The biggest fogger has again been the economy. We expected a real rebound once 2011 turned the corner on the 2010 doldrums, not the leveling off we experienced. The local economy seemed more likely to shake off the dragging national side effects, but with Hydro's division closing and no real revival in housing construction, even Monett sputtered in its economic relaunch.
There's every reason to think 2013 will be better than 2012, but not by much.
The opening of the Monett Area YMCA in 2013 will provide a shot in the arm for the community. The Y will draw people to Monett just to see what's new, and it will keep them coming back.
Monett Main Street and the Downtown Revitalization and Economic Assistance for Missouri (DREAM) Initiative will add new signage for Monett's historic shopping district. More storefronts will see improvements, inching the center city back toward the center of community life.
If the pattern of flooding downtown holds off for a five-year period, as it did in the 1990s, a little more time remains to do something about Kelly Creek. It's also likely that another year will pass before the Barry-Lawrence Regional Library makes a hard decision about which way to go with a new Monett Branch.
Drury University may wait another five years before committing to its plan for a downtown campus, a plan on which a new library now pivots. In the middle of both discussions is Monett's flood control strategy, which could easily take five years to cement a deal. The library will not have that much time.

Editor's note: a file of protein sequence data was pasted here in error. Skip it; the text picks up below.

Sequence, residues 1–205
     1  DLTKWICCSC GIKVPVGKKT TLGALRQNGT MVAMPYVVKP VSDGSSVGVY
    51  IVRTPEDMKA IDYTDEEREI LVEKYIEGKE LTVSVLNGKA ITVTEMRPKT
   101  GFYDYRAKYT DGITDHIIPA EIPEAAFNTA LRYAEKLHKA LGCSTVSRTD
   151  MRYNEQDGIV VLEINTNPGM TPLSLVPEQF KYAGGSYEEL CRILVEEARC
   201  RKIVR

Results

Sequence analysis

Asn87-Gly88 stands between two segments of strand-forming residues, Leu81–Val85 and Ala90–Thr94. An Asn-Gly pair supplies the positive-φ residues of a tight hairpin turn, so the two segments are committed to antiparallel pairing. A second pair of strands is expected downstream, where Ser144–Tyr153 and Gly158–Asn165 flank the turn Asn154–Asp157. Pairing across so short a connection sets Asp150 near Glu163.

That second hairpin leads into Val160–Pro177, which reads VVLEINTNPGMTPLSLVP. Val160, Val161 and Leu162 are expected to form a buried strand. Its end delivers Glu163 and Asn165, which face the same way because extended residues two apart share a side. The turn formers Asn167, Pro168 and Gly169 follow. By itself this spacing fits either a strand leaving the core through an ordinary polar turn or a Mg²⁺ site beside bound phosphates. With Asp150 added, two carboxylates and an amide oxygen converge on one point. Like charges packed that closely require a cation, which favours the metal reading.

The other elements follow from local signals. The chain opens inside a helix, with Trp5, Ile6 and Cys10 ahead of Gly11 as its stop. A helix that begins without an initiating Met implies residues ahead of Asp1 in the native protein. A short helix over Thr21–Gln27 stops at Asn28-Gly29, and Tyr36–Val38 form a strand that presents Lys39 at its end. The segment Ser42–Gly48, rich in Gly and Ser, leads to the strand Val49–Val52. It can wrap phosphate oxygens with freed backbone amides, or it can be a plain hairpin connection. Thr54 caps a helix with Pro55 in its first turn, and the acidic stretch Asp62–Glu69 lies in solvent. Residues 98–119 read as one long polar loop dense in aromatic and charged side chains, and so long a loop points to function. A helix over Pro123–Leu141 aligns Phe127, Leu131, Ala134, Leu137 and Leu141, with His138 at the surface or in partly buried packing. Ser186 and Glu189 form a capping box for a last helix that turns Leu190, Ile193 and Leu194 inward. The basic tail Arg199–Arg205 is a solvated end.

Movement toward an ultimate outcome on all three projects will take place in 2013. A final decision on any of them is not likely.
One thing we were right about a year ago was that the political season was ugly. The Republican party is still a mess, with ultra-conservatives and Tea Party activists locally squeezing traditional party leaders for control. One-party rule in Barry and Lawrence counties raises concern among moderates in the general public about whether the Republicans really represent them any longer, especially if there's nowhere to turn.
How far local lawmakers are willing to swing to one side in the next Missouri General Assembly will show the future of bi-county political debate.
It seems unlikely that Monett's tax increment financing (TIF) litigation will resolve in 2013. It now looks like summer before a hearing is held in front of the Missouri Court of Appeals. An appeal to the Missouri Supreme Court could easily push the resolution to 2014.
So, in the end, 2013 looks like a year of incremental steps. Like the new storm shelters at the Monett R-1 School District, steps will be taken that draw new and better resources for the community closer. We just won't see them finished in the next 12 months.
That means the key for the coming year will be courage, the willingness to take bold initiatives. We've seen that from Monett's city and school leaders. We know Monett's industrial leaders are bullish on an economic recovery and ready to put their people fully to work. Those willing to act in unlikely times win big when times improve. In 2013, it may take faith to move ahead, but the time is coming closer when those risks will pay off.